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Schools OK early plans for sex education

Leaders of Brookhaven and Lincoln Countyschools have adopted sex education policies well ahead of astate-mandated deadline, but program details remain undecided.

    Mississippi lawmakers passed legislation, House Bill 999, in Marchrequiring public schools to implement an abstinence-only or anabstinence-plus sex education program by the 2012-13 schoolyear.

    Selection between the two is made at the discretion of districtleaders. Both Brookhaven and Lincoln County school districts haveopted for abstinence-only.

    “Abstinence-only was the best fit for our district,” said Dr. LisaKarmacharya, superintendent of Brookhaven School District.

    According to the bill, abstinence-only programs may includediscussion of condoms and contraceptives if they give the risks andfailure rates of each.

    Abstinence-plus programs have more leeway to discuss condoms andcontraceptives but are still required to provide the risks andfailure rates. Such programs may also provide information on theprevention of sexually transmitted diseases (STDs).

    Karmacharya downplayed the presence of sex education in class andexplained that health-related instruction at Brookhaven schoolswill continue to look much the same.

    “This only strengthens what is already there. STDs (and) conceptionare already covered in the biology and health curriculum,” shesaid.

    House Bill 999 requires separation of male and female studentsduring sex education and prohibits programs that exclude abstinenceinstruction.

    Otherwise, districts retain much flexibility. The law requires nospecific curriculum, but the Mississippi Department of Educationmust approve the curriculum districts choose.

    The Mississippi Department of Human Services and the MississippiDepartment of Health are instructed by the bill to develop a sexeducation program, which districts may select if they wish.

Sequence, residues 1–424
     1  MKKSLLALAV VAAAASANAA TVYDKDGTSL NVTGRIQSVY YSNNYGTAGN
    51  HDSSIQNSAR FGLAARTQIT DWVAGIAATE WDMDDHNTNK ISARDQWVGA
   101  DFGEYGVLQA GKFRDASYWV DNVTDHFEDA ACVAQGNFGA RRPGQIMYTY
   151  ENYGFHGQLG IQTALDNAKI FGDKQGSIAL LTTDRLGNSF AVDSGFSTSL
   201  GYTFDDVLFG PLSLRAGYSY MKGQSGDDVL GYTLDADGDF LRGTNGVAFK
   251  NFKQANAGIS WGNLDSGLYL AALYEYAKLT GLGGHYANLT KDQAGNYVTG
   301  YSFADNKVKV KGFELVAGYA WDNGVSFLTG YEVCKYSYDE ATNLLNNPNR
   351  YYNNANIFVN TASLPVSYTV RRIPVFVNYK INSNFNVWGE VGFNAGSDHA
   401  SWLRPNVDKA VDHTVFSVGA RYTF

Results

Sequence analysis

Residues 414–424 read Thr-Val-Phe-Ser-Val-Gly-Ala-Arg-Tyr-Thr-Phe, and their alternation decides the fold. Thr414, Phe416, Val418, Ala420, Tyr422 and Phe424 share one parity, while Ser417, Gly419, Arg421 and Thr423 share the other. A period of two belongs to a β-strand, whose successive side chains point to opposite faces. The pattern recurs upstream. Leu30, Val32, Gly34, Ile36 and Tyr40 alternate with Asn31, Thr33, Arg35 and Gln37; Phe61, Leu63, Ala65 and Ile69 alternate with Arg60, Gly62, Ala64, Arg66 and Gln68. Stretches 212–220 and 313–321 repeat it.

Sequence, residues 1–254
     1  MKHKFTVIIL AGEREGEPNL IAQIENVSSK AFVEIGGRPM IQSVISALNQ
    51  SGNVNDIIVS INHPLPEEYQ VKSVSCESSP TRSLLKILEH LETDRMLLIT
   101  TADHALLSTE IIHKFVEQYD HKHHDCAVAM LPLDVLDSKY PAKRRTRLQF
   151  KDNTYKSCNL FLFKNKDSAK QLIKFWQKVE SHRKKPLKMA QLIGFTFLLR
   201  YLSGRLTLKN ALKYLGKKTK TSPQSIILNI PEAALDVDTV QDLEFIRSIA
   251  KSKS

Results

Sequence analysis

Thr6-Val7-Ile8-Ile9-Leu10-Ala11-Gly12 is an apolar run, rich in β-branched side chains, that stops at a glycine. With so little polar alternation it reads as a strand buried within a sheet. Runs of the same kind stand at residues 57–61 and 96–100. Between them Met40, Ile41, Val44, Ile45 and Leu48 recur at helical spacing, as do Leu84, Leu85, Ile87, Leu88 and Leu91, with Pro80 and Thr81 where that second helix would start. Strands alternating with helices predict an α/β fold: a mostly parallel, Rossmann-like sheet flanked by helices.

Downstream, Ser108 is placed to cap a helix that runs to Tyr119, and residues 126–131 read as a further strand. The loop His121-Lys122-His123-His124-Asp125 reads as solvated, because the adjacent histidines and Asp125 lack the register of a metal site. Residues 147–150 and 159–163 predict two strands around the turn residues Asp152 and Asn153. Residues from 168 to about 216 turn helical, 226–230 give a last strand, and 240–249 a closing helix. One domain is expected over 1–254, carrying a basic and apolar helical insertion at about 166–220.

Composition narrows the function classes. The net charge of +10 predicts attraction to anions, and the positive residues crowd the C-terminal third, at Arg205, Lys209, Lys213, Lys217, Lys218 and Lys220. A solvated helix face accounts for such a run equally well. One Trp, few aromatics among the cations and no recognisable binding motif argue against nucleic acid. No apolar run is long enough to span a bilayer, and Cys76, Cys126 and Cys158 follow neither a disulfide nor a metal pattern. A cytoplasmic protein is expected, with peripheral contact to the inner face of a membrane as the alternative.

The Brookhaven district will wait to see what the state programlooks like before making a curriculum decision, Karmacharyasaid.

    Though a policy is adopted, Brookhaven schools will not begin sexeducation until the 2012-13 school year as required.

    However, Lincoln County schools are developing sex education withthe aim of integrating it into health education courses this year,said Director of Curriculum and Testing Richelle Ratcliff.

    She said school leaders “will comply and do everything we need to”to ensure the Lincoln County program meets the state standards.

    The bill does not state at what grade sex education must begin,only that such education must be “age, grade and developmentallyappropriate.”

    Karmacharya said her preference would be to begin sex education injunior high.

    Details of Lincoln County’s program are not yet available.

    All programs are designated as “opt-in” by the law. Parents mustgive written notice allowing students to participate in sexeducation.

    Mississippi teen pregnancy rates rank as the nation’s highest. In2009, Mississippi recorded 64.4 teenage births per 1,000 girls ages15-19 according to 2009 records.

    The national average of teenage births in that age group is39.1.

    Data compiled by Mississippi First, a policy advocacy organization,puts Lincoln County above the state numbers with 73.7 births per1,000 girls 15-19,

    That puts Lincoln roughly in the middle of Mississippi’s 82counties. According to Mississippi First, Lincoln County ranks 37thamong Mississippi counties in teen birth rates, 38th in Chlamydiainfections and 34th in Gonorrhea infections.

    Only four counties in the state have averages lower than thenational average, said Mississippi First Executive Director RachaelCanter.

    In explaining the state’s numbers, Canter pointed to the underlyingstatistics: rates of teen sexual activity.

    “Kids in Mississippi have more sex at younger ages than kids in anyother state in the country,” Canter said. “By the 12th grade, 76percent of students have become sexually active.”

    Mississippi First advocates for abstinence-plus sex education, andin conjunction with the Mississippi Department of Health offersfunds to districts that choose an abstinence-plus program selectedby Mississippi First.